Does the civil rights law apply? Are law firms "public accommodations" under the Civil Rights Act? They are defined as public accommodations under the ADA - any relevance? Is the licensing of lawyers sufficient state action? Maybe the commerce clause?
Don't lawyers have the right to choose their own clients? A First Amendment right of association? Or what about a religious right under Hobby Lobby?
What about ethical rules for lawyers against discrimination?
Here is an older law review article on the topic: Samuel Stonefield, Lawyer Discrimination Against Clients (1998)
Wednesday, April 22, 2015
Or so argues a recent book reviewed in the UK Daily Mail.....
George Clooney, Benedict Cumberbatch and Eddie Redmayne may have all taken the plunge recently — but they are a diminishing band of brothers, for the number of men marrying in the West has plunged in recent decades.
The state of matrimony is not just ailing. It is dying out faster than a mobile phone battery.
According to the Office for National Statistics, marriage in Britain is at its lowest level since 1895. In 2011, there were just 286,634 ceremonies — a 41 per cent free fall from 1972, when 480,285 couples tied the knot.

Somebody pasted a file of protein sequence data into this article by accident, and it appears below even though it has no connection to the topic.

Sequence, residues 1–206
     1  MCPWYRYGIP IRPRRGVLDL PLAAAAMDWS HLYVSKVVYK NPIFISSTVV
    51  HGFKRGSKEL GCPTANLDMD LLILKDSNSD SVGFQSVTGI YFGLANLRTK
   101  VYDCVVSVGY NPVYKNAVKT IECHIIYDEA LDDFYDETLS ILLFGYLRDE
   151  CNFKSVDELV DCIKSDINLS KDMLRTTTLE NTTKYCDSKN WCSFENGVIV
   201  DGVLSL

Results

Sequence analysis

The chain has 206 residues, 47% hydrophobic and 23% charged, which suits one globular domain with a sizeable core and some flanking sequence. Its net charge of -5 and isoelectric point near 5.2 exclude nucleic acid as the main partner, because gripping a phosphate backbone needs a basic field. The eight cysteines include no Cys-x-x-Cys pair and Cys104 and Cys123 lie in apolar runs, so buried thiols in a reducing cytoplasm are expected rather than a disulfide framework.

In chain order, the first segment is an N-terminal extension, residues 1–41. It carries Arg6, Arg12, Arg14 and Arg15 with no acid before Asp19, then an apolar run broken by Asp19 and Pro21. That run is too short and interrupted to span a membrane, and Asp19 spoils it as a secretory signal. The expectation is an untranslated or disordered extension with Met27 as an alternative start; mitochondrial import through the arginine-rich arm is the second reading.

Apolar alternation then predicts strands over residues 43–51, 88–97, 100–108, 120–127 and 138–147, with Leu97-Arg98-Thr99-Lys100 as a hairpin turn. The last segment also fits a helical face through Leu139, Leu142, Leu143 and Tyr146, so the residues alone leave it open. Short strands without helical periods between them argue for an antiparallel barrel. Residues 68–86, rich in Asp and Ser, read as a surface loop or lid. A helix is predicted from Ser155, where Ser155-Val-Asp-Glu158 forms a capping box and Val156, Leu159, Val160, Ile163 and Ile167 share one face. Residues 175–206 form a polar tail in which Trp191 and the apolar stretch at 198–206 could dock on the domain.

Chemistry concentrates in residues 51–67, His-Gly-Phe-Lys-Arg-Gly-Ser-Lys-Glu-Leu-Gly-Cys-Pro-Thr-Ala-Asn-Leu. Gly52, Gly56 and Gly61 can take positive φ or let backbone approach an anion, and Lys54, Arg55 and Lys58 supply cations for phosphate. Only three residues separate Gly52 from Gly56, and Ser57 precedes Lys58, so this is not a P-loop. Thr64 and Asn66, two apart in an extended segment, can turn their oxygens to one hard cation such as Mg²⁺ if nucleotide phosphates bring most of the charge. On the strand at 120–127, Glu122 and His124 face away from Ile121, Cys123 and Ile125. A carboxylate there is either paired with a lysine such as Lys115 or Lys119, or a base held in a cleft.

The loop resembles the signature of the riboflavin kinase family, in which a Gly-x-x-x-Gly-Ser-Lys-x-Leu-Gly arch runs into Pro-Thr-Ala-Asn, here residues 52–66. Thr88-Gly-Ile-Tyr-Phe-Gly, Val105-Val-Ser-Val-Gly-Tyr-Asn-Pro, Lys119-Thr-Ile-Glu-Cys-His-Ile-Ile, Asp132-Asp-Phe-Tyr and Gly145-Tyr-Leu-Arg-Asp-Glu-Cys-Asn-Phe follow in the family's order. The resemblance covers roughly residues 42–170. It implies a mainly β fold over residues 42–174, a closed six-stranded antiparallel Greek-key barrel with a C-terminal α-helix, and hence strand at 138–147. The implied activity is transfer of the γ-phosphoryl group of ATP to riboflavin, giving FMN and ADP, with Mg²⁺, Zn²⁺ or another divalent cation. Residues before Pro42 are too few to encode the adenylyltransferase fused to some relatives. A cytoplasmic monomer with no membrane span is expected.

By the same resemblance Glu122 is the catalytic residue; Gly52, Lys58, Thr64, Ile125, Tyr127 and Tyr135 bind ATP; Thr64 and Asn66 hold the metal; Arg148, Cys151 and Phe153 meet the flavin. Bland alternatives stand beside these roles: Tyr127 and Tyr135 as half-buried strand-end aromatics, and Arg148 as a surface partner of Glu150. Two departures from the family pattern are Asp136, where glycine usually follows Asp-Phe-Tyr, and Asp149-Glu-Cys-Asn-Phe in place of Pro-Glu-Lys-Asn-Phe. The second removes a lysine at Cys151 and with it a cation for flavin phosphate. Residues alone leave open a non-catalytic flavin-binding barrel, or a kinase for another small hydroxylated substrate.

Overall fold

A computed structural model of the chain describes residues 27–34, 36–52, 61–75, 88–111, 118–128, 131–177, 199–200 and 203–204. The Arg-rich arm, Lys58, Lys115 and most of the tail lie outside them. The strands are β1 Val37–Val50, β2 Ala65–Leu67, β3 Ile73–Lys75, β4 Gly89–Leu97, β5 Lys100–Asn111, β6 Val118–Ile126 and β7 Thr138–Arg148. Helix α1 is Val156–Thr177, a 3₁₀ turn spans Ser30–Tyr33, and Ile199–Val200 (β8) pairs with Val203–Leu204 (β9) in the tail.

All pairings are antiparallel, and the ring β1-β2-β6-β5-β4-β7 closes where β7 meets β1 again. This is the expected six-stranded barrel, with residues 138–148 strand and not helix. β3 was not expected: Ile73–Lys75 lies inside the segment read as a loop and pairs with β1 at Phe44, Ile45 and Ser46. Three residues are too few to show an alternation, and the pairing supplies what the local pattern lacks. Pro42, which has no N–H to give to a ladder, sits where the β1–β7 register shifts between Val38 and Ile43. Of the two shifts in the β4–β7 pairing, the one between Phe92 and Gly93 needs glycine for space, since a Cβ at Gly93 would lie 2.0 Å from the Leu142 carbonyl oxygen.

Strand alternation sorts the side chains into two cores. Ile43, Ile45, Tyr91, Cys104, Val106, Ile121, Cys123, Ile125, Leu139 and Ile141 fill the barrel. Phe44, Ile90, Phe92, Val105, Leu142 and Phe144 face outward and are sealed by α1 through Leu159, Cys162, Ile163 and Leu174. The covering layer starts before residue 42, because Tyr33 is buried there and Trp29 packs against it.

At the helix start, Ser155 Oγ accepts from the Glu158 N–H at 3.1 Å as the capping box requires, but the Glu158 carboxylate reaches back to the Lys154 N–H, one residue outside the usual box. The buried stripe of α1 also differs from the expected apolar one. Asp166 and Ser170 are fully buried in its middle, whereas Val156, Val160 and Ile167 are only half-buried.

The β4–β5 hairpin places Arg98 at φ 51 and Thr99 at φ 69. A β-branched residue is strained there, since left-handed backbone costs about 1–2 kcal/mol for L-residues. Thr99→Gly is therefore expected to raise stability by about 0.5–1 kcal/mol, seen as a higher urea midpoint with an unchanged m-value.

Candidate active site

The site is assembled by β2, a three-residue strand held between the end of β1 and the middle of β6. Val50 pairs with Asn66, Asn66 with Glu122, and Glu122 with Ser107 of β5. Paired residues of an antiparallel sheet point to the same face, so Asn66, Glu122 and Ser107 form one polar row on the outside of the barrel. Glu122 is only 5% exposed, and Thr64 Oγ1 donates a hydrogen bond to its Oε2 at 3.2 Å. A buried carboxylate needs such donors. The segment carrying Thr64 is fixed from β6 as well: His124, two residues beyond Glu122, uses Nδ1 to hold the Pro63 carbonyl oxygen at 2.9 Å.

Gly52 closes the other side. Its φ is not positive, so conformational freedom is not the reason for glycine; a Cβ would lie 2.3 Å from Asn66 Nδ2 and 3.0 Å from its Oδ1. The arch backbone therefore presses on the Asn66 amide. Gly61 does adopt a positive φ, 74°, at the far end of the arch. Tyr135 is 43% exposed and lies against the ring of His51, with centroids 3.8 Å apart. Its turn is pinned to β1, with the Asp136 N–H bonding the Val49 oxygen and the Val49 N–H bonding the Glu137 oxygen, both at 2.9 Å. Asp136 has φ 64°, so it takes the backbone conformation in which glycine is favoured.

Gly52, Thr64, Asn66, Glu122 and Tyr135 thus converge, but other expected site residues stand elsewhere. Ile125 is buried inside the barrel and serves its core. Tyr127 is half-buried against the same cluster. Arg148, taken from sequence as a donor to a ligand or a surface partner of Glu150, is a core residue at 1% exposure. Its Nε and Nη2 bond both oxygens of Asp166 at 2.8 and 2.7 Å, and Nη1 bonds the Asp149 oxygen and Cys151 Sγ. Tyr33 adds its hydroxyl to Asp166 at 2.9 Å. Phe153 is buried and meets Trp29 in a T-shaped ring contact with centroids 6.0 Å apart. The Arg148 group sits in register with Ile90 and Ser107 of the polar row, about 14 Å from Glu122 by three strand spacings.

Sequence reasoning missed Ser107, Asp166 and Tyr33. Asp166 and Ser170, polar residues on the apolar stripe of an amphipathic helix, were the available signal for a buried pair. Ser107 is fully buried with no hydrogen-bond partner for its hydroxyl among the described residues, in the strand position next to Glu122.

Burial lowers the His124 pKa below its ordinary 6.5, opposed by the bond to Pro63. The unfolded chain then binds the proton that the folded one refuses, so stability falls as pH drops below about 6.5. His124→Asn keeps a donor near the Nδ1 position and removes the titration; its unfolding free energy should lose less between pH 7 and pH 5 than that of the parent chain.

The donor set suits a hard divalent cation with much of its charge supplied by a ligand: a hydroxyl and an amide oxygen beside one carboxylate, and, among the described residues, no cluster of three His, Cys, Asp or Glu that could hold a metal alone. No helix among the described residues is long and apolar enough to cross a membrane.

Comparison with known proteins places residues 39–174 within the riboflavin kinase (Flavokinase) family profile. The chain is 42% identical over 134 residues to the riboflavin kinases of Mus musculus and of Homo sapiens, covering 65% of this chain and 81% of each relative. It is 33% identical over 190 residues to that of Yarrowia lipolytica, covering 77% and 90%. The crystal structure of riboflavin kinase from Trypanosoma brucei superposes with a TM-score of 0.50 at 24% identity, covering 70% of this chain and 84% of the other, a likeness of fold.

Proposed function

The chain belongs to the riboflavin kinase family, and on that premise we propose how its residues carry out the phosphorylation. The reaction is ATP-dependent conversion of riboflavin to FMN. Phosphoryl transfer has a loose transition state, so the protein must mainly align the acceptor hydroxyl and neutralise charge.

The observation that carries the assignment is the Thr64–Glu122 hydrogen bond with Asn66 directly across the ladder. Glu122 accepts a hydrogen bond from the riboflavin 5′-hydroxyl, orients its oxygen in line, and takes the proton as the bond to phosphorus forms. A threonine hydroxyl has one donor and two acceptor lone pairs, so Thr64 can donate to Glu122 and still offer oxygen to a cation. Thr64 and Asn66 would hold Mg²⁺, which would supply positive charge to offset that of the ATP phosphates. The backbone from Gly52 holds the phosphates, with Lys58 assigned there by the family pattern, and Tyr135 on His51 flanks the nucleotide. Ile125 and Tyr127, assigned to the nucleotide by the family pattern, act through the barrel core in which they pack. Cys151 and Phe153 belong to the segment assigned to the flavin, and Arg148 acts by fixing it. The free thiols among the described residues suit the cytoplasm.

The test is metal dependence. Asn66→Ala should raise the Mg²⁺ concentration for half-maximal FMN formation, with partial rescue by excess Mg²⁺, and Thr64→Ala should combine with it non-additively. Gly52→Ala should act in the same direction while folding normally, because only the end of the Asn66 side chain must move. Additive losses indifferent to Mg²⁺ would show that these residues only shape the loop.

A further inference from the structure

For an army of women, Mr Right is simply not there, no matter how hard they look for him. And the reason? When it comes to marriage, men are on strike.
Why? Because the rewards are far less than they used to be, while the cost and dangers it presents are far greater.
‘Ultimately, men know there’s a good chance they’ll lose their friends, their respect, their space, their sex life, their money and — if it all goes wrong — their family,’ says Dr Helen Smith, author of Why Men Are Boycotting Marriage, Fatherhood And The American Dream.
‘They don’t want to enter into a legal contract with someone who could effectively take half their savings, pension and property when the honeymoon period is over.
Wednesday, April 15, 2015
Walk into a toy store, and you are likely to see toys specifically designed and marketed for boys or girls — without very much overlap. With pink and blue color coding, and princess and action-hero designs, manufacturers seem to be using more and more gender messaging to sell their toys.
Should toys be more gender-neutral?